Thor delivered.

Almost 18mm of gentle rain!

Almost 18mm of gentle rain!

There is not a puddle to be seen but the place smells wonderful and the plants are already responding.

What a difference 12 hours makes

What a difference 12 hours makes

We had to celebrate!

The Thor Cairn was the perfect place to celebrate and pay homage

The Thor Cairn was the perfect place to celebrate and pay homage

What makes this rain even more special is that there is more rain forecast over the next week and not a day over 30 degrees. The cows will love it! Can’t wait to snap another panorama at the end of the week to see new life breathed into the farm.

Project “Thor”

After a record wet winter followed by a fleeting Spring, it hasn’t rained here in a long time.

In fact, despite several attempts at emulating the Sioux rain dance ritual shown in the remarkable footage (bear with it, not all stills) below, we have had little success – other than the 2.5mm of rain we got after our fourth performance a week ago, there’s been nothing in the gauge for a few weeks now.

Perhaps the problem lies in our execution. Since the materials used by the Sioux are not all readily available here in Australia, we have been forced to improvise with picnic blankets, turquoise hayband, the feathers of wedge-tail eagles, dyed hessian sacks and rubber boots adorned with eucalyptus leaves and shells.

We are getting desperate and it shows.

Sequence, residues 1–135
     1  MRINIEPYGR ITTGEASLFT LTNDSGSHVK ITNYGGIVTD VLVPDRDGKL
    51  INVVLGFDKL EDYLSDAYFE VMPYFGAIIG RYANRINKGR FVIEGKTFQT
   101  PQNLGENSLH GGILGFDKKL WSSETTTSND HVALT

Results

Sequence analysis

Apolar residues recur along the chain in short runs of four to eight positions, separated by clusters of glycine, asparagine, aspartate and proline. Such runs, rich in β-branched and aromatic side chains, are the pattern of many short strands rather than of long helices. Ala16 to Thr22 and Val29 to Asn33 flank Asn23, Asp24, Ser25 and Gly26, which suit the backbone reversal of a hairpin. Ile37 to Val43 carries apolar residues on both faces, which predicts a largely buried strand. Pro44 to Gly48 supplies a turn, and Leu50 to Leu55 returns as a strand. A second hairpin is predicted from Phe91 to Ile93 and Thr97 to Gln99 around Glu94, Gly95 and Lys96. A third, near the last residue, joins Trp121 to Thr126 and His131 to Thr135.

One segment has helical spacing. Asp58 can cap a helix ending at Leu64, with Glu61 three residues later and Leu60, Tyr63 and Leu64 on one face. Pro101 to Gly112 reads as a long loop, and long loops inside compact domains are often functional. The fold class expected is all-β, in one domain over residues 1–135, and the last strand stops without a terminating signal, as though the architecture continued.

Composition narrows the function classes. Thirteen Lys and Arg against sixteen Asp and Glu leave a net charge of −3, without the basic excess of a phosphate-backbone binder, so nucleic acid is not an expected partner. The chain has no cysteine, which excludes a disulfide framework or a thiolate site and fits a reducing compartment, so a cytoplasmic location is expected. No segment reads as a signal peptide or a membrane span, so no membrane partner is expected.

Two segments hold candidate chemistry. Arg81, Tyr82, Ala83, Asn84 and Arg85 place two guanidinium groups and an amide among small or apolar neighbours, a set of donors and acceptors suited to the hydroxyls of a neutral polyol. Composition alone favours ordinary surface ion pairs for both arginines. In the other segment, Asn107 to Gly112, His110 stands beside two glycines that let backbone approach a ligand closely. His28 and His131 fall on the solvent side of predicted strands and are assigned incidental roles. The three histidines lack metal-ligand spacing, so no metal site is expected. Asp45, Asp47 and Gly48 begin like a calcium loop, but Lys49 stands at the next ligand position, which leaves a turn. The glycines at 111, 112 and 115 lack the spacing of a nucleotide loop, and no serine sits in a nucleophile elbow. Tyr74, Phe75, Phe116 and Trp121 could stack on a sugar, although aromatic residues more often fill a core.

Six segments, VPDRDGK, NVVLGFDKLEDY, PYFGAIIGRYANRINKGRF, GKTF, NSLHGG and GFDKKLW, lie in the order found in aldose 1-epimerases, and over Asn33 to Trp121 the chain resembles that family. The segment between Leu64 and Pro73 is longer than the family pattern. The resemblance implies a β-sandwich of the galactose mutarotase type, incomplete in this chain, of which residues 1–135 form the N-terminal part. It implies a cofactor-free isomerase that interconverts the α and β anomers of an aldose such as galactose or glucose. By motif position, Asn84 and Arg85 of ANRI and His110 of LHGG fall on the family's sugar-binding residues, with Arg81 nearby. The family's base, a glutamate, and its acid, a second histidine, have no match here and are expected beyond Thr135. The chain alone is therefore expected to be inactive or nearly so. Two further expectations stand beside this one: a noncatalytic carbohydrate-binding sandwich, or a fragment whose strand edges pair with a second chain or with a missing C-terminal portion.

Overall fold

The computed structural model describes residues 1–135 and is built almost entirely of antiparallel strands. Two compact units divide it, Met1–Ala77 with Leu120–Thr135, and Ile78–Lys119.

Under construction: will Thor be impressed?

Rain Dance Ampitheatre under construction

Drawing upon my husband’s Scandinavian heritage, I am building a stone amphitheatre to honour Thor with a special sacrifice: a washing basket full of damp linen. With a toddler in the midst of toilet training and the truly spectacular laundry that makes our dairy-farming family infamous, you’ll understand the meaning of such an offering.

I know I must show total faith in Thor’s generosity but any tips would be gratefully received.

Farmers just need to…

Complete the sentence: “Farmers just need to…”

A few I’ve heard recently are:

  • “Work smarter”
  • “Be more innovative”
  • “Drive for >5% cost reductions”
  • “Scale up to meet the world’s insatiable need for protein”
  • “Don’t JUST farm. Add a few more feathers to your cap”

Most of these comments have been made quite flippantly, with little or no background knowledge of Australian dairy farming and, to be frank, they give me the irrits.

What makes me really angry, though, is when our leaders parrot the “Scale up to meet the world’s insatiable need for protein” line.

We farmers need to justify investing more money, blood, sweat and tears in growth – both to our families and our bankers. Unless farm gate prices for milk increase substantially, that’s a very difficult proposition. According to official figures, most of the state’s dairy farms have a return on investment of 1 to 3 per cent, forcing a focus on financial survival. Much higher returns can be made elsewhere with less work and far lower risk.

To those whose simplistic response is “work smarter, diversify or value-add”, let me point out some realities. Click the link to see how the average Australian dairy farmer is paid compared to dairy farmers around the world: